- No Longer Walking the Line
Jeff Cullison might be excused for aching feet, at least in a figurative sense. Cullison works for Northern Natural Gas Co. of Omaha, Neb., which operates 15,700 miles of natural gas pipeline running from the Permian Basin in Texas to the upper Midwest. The pipeline is part of a national network hundreds of thousands of miles long.
Unlike the natural gas distributed to consumers, the colorless gas in these transmission lines has no additives to make it smell, thus making leak detection a challenge. Traditionally, the most sensitive way to spot leaks is for a ground crew to walk the line, using a handheld flame ionization device known as a sniffer.
Walking thousands of miles of pipeline is not done easily. Nonetheless, the lines of Northern Natural Gas are checked on a periodic basis, according to Cullison. “On the handheld, they are normally done on a three- to 10-year frequency, depending on the type of line and the population. Those are fairly accurate in picking up smaller leaks, especially as they start,” he said.
Another type of leak check is done from the air. Planes fly overhead, and the pilot looks for stunted vegetation and other signs of leaking gas. Unfortunately, such indications appear only after a potentially dangerous leak has been active for a while.
Now, however, it is possible to combine the two methods so that an airplane flying overhead can spot leaks with sensitivity equal to that of a handheld device while still covering long distances in a single day.
Enabling this efficiency is the use of differential absorption lidar, explained Daniel Brake, director of the airborne natural gas emission lidar (ANGEL) service of ITT Corp.’s Space Systems Div., which is based in Rochester, N.Y.
Using lidar for differential absorption measurements allows aerial mapping of natural gas pipe leaks with sensitivity equal to that of a handheld device that is walked along the pipeline. Images courtesy of ITT Corp.’s Space Systems Div.
The lidar system uses two lasers — both sitting in the mid-infrared at proprietary wavelengths. One is tuned to an absorption peak of natural gas, while the other is spectrally nearby but not on the peak itself. The wavelengths of the reference and probe beams are selected so that the results will not be thrown off by trace atmospheric gases.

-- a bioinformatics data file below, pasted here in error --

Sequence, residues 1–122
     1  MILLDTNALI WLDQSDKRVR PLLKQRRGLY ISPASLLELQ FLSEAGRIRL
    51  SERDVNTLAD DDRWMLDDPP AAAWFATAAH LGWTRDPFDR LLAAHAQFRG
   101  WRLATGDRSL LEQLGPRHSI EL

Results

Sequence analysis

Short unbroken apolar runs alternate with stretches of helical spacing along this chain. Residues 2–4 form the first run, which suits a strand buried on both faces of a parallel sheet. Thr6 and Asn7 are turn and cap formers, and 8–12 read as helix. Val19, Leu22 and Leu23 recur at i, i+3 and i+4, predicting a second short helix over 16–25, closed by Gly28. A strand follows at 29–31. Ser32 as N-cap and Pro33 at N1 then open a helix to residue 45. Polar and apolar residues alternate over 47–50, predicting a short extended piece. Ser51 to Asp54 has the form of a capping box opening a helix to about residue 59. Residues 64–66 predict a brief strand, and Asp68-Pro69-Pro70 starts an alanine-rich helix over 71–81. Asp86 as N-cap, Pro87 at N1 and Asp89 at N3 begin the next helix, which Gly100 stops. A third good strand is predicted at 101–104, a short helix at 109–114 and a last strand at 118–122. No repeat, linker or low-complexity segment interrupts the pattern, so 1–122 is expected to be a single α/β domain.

As in other lidar systems, the lasers fire thousands of pulses a second toward the ground. The difference between the two in the return signal provides information about the concentration of natural gas present in the air column. The use of a probe-reference pair avoids artifacts and reduces false alarms. The result is an aerial scan that is as sensitive as the 50 to 100 parts per million of a handheld sniffer but that can cover up to 1000 miles in a day — a distance that would take a crew months to walk.
A leak from a crack in a buried natural gas transmission line is highlighted by differential absorption lidar data. Such leaks can be dangerous and must be detected as soon as possible along thousands of miles of transmission pipeline across the US.
“We have what we believe is equivalent gas sensitivity on a per-sample basis. On top of that, we have this broad-area-scan swath and tremendous collection speed,” Brake said.
Besides lidar measurements, the system also collects aerial mapping data, providing visual information about encroaching structures and construction. These visuals can be important in assessing the overall safety of a pipeline and in deciding what actions must be taken if there is a leak.
Cullison noted that the airborne approach has proved itself in a pilot run conducted by ITT for Northern Natural Gas. A scan of a pipeline turned up a number of leaks, some resulting from mechanical actuators and similar mechanisms that use gas for fuel. In one case, a detected leak came from another pipeline, which crossed the pipline being scanned. The second pipeline had a leak about 100 yards from the crossing point, producing enough of a signal for the aerial scan to detect.
“The [pilot run found] leaks that we hadn’t discovered with handheld detectors,” Cullison said. As a result, he added, plans call for using the service more extensively.
Contact: Daniel Brake, ITT Space Systems Div.; e-mail: firstname.lastname@example.org; or Jeff Cullison, Northern Natural Gas Co.; e-mail: email@example.com.
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